MCF Rare Wine
A few months back, I sent an offer for a wonderful Chinon, discussing how great Cab Franc, especially Chinon, will never not remind me of my early years in the wine biz, when things like Chinon, Cru Beaujolais, German Pinot Noir, etc. represented new, interesting and refreshing breaks from the luxury/critic-driven wines that dominated at the time.
It was an interesting reflection for me, because, much like a certain song or show or meal has the power to instantly transport you back to an era of your life that you associate with it, for me, wine can often do the same thing.
I wrote about today's wine last Summer, including it in a 'mixed case' offer with a few other items. I just received one final shipment of it the other week and had a bottle this past weekend and, I have to admit, that a similar thing happened.
This time, though, the grape was Mencia, and the era it made me recall was the year or so leading up to my opening of MCF Rare Wine - right in that 2009-2011 window.
It was before terms like 'New Spain' were a thing, and the US was emerging from the period where massively-structured reds from RIbera del Duero or Priorat dominated the high-end sales, and the inexpensive, high-production, fruit-driven wines made from Garnacha and/or Monastrell were paying for the second homes of a few lucky importers. We were only just beginning to wake up to grapes like Mencia or Godello and to 'wild', 'exotic' regions like the Canaries.
Of all of these 're-discovered' grapes, it was Mencia that many, myself included, felt represented the future of terroir-driven Spanish wines, something that we all pretty much agree on now.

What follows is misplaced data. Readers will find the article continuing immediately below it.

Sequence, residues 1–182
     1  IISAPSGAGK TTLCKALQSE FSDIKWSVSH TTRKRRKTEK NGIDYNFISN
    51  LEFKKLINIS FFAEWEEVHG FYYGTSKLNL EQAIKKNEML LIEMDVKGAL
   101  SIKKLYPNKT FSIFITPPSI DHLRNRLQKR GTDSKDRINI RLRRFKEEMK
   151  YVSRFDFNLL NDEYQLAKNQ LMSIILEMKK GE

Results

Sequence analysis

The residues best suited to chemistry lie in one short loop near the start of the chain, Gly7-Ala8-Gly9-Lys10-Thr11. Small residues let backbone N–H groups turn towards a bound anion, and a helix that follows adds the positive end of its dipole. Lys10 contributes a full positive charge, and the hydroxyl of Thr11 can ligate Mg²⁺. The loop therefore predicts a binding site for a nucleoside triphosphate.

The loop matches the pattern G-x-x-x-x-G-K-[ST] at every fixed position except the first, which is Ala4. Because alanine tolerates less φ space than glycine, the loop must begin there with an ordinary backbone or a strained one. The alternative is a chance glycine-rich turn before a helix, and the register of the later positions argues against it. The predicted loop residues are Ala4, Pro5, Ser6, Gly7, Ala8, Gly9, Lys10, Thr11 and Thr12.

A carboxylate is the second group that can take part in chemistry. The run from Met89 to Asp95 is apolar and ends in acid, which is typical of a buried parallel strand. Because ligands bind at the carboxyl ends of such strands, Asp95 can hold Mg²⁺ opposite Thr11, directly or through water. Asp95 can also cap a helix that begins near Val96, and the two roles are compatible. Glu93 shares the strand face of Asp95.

Like most of these situations, though, the rise of Mencia began with fresh, engaging and moderately-priced examples, rather than high-minded or experimental ones. The medium-weight, herbaceous, mineral and highly terroir-transparent nature of Mencia certainly made it a natural candidate for those of us who spent most of our time drinking casually brilliant reds from the Loire, Beaujolais and Piedmont, and I was instantly hooked.
This wine, Camiño Novo's Amandi-Ribeira Sacra Tinto 2016 ($24) is exactly the kind of Mencia that we were drinking back then - simple, elegant, engaging and just the right amount of quirky. Its medium-weight, but dark-tinted fruit is laced with fragrant, savory herbs and pepper, anchored by a wonderfully nimble minerality, finishing long and dry.
It's the wine I would reach for to take the edge off of a day occupied with long, frustrating hours of trying to navigate NY state/city bureaucracies or telephone company nonsense - honest, delicious and yet subtly profound.
Before Mencia got serious with higher-end/single-vineyard bottlings or went the experimental natural route, it was the simple, straightforward, traditional wines like this that made us (and many of you early MCF customers) very happy.
And, just like that 2014 Chinon I wrote about, this Camiño Novo already has a few years under its belt, and is showing a nice touch of developed complexity to it.
Exactly how I remember Mencia...
...exactly how I like it...
Ribeira Sacra Amandi Tinto 2016
You may order by emailing firstname.lastname@example.org or calling 212.255.8870.
MCF Rare Wine, Ltd
249 West 13th Street NYC 10011